3/17/2005

The fake malpractice "crisis"

From the Tallahassee Democrat:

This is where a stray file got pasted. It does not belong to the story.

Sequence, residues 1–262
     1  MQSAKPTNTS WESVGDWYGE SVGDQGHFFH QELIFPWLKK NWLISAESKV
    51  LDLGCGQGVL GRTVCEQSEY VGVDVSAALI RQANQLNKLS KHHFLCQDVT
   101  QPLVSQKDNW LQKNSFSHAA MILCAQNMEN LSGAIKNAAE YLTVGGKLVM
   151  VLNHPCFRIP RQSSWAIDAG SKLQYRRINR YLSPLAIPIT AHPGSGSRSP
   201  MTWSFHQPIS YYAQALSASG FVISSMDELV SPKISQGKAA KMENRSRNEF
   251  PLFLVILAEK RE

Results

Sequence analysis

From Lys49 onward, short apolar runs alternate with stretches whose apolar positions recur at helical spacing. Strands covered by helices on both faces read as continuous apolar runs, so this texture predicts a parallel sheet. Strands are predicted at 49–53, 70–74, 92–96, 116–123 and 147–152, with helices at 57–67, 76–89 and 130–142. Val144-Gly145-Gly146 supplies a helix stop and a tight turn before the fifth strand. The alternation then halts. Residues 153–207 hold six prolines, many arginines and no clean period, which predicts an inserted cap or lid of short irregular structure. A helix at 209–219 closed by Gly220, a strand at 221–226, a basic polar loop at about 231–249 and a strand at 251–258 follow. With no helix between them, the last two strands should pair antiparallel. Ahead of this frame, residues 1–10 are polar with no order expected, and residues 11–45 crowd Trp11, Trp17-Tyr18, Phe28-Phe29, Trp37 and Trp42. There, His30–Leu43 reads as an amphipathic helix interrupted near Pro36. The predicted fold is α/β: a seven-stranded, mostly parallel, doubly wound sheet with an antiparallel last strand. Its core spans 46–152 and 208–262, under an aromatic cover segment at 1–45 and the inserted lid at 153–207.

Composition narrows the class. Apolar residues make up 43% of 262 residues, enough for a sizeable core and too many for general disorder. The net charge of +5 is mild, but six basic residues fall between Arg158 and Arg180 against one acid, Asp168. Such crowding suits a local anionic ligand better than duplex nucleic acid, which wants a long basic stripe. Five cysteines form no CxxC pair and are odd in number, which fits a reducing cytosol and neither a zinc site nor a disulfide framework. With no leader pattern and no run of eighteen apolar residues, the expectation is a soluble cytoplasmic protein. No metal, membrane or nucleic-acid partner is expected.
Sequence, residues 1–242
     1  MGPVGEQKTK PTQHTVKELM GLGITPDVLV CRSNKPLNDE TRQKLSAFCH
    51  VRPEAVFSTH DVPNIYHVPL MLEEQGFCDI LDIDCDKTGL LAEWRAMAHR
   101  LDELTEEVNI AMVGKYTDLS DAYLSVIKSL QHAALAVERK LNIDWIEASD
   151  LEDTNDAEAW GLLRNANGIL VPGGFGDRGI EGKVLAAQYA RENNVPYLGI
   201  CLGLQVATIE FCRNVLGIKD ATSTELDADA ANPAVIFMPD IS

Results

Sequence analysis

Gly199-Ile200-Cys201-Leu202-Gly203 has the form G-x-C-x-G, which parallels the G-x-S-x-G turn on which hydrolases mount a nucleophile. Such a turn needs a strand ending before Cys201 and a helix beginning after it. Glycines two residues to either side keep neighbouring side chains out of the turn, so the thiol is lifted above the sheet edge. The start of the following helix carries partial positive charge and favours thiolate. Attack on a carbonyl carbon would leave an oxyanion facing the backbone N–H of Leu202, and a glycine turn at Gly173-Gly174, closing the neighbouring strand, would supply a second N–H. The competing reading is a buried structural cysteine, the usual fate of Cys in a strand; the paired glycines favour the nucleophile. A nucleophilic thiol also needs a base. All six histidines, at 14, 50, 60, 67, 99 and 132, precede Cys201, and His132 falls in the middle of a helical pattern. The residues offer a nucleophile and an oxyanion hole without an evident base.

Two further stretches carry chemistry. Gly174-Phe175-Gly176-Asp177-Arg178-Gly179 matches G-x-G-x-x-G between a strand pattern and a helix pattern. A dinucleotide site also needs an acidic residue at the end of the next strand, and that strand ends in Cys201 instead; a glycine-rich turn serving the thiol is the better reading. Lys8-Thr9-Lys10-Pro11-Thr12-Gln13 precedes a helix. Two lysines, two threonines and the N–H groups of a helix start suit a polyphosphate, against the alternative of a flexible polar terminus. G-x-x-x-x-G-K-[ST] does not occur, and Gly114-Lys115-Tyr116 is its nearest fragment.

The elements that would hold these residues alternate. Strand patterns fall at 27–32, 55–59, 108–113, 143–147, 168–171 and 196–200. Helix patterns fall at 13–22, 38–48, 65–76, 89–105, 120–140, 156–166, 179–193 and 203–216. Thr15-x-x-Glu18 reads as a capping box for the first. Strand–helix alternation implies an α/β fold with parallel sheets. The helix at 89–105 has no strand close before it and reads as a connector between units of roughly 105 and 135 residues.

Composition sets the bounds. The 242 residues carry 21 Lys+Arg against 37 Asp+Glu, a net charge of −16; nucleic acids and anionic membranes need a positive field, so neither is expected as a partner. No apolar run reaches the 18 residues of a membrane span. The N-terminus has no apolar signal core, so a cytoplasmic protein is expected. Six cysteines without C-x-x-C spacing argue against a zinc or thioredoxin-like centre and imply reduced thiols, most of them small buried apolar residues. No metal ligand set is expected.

A comprehensive study of medical malpractice claims in Florida since 1990 shows no sharp increase in lawsuits relative to population growth and a modest increase in the size of settlements, according to two Duke University professors. (One of the study's authors) said the data in the study came from public records filed at the Florida Department of Health since 1975, when a law was passed to require medical malpractice insurance companies to file extensive information annually on claims. The medical malpractice controversy has been a hardy perennial in the Legislature. After intense lobbying by insurers and doctors and a special session in 2003, lawmakers passed a bill that placed caps on damage awards in medical malpractice cases in hopes of stemming insurance rate increases. And last November, voters approved three constitutional amendments dealing with the issue...Trial lawyers say the number of lawsuits and the size of awards have not increased enough to justify premium increases sought by insurers. The Duke study shows that average awards, in 2003 dollars, have increased from $176,603 in 1990 to $300,280 in 2003...Finally, the report concludes the "vast majority of million-dollar awards were settled around the negotiation table rather than in the jury room." Of the 831 million-dollar awards reported since 1990, 63 were awarded by juries. The rest occurred as settlements. Of the 37 claims that received awards of $5 million or more, only two claims went before a jury - the rest were the result of settlements. "At this stage," the report says, "debate about the role of juries in so-called 'mega' awards is misplaced insofar as Florida is concerned." The study comes on the heels of a similar report from the University of Texas that was released last week. Assembled by four law professors, the Texas study mirrored the Duke report. "The rapid changes in insurance premiums that sparked the crisis appear to reflect market dynamics, largely disconnected from claim outcomes," the report said.

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